Eight former DeKalb Farmers Market supervisors who accused market owner Robert Blazer of requiring them to attend quasi-religious seminars or risk losing their jobs have settled their federal lawsuit out of court.
The lawsuit, which followed an Equal Employment Opportunity Commission (EEOC) complaint by the employees, has prompted new EEOC guidelines on such programs, according to Amy Totenberg, the employees's attorney.
Those guidelines now specify that an employee needs only to show that a training program conflicts with his religious beliefs for his complaint to be upheld. Federal law prohibits employers from including religious requirements in terms of employment.
Details of the settlement, reached Tuesday, were not made public.
"It was settled amicably," Mr. Blazer said Wednesday. "But the terms of the settlement are not available."
Mr. Blazer, who joined a "New Age cult" called The Forum in 1987, required the employees to attend Forum sessions "under direct or indirect threat of loss of employment," and the $525 fee for the program was deducted from their paychecks, according to the lawsuit, filed in December.
The Forum was formed by Werner Erhard, founder of the controversial estprogram that gained popularity in the 1970s. The program espouses the supremacy of man, a belief "which by its very essence denies the centrality of God and historical concepts at the heart of many established religions," according to the lawsuit.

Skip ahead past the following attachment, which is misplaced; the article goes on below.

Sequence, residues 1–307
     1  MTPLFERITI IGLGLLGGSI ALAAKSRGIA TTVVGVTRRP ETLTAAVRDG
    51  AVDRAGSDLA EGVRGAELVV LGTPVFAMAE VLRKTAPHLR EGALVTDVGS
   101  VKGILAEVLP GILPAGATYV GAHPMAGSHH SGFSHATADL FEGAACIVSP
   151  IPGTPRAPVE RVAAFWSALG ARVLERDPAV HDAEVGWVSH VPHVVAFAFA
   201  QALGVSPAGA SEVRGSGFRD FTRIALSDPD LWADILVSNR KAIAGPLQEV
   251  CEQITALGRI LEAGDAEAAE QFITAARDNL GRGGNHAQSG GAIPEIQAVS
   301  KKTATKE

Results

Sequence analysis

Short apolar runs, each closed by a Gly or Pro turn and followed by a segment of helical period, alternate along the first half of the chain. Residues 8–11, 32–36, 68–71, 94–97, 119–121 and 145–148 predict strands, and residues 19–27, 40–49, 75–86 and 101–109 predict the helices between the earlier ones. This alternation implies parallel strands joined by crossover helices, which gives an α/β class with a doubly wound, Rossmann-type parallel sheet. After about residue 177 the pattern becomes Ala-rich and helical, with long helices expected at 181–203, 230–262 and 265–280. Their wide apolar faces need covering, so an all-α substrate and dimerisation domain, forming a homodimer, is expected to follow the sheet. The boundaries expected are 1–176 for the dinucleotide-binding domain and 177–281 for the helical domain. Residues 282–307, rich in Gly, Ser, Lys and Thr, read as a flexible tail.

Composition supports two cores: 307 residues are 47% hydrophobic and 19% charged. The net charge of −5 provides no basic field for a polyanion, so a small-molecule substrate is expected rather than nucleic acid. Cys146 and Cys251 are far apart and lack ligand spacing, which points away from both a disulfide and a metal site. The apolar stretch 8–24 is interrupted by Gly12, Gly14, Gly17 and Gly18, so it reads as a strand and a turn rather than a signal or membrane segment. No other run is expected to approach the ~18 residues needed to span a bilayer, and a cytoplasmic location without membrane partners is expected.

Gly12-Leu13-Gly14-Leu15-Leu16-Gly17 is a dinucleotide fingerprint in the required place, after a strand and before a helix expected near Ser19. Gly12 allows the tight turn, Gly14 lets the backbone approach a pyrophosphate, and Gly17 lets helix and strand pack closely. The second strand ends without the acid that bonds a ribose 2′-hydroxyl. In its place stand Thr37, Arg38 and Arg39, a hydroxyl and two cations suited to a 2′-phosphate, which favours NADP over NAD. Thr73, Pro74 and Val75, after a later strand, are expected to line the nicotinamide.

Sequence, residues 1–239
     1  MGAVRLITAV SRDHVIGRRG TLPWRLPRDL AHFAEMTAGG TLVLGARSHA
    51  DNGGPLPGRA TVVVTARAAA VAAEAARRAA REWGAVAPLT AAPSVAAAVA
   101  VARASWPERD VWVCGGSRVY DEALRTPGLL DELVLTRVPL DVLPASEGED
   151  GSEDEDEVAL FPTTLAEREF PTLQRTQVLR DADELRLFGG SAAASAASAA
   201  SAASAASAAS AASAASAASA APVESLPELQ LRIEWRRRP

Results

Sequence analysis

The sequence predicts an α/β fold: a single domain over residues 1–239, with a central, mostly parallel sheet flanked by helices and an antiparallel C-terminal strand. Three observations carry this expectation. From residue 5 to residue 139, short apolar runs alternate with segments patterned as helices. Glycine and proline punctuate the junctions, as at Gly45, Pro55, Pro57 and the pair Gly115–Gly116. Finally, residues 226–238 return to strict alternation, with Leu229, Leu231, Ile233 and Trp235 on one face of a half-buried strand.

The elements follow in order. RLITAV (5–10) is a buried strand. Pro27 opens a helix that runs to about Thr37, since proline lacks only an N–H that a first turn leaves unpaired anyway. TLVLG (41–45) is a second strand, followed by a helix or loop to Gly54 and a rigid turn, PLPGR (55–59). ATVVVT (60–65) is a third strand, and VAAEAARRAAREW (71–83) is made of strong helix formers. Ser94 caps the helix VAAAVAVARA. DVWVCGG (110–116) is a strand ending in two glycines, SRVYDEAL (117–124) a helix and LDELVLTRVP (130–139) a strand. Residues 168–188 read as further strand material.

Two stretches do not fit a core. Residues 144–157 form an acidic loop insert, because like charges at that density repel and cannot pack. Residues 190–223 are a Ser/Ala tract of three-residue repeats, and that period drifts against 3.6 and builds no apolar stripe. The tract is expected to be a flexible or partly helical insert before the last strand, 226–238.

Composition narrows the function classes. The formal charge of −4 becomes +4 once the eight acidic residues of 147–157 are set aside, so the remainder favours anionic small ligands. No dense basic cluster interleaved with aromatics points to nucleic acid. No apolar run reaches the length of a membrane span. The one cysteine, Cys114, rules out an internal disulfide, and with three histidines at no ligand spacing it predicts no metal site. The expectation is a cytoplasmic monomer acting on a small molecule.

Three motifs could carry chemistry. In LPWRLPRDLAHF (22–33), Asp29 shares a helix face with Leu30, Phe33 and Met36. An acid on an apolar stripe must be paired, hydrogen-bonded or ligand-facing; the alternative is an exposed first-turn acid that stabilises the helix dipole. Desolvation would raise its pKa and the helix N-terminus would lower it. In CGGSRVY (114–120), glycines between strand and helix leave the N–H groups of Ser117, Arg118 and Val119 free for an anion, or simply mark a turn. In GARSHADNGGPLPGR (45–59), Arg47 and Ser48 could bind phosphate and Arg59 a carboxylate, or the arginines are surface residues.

The eight former employees are Presbyterian, Baptist, Jewish, Roman Catholic, Hindu and Jehovah's Witness.
Plaintiff Dong Shik Kim said Wednesday that he had to leave his job at the market because he was told to recruit as many cashiers as he could into The Forum.
"I am not interested in that type of program," said Mr. Kim, who was cashier supervisor when he left the market two years ago. "To say to the cashiers to join The Forum was against my conscience and against my religious beliefs."
Mr. Kim, a Presbyterian, said that because he was not interested in the program, he was ignored and treated like he was less than a supervisor.
Mr. Blazer "was not interested in talking with anybody who did not participate or was not interested in that program. I did not like the atmosphere," said Mr. Kim, who now works at a north Fulton County farmers market owned by Mr. Blazer's brother, Harry Blazer.
Attorneys for DeKalb Farmers Market, who could not be reached for comment Wednesday, have denied that The Forum is a religion.
The plaintiffs alleged in the lawsuit, which sought injunctive relief, unspecified damages and back pay, that their right to religious freedom in the workplace had been violated under the guise of "management training." Training techniques and principles of The Forum were incorporated into the market's daily staff meetings, said the lawsuit.
Ms. Totenberg said she did not know whether Mr. Blazer or any employees are still involved in The Forum, but said she is certain that the market's alleged practices that led to the lawsuit have ceased.
"I trust that the litigation has stopped that once and for all," she said.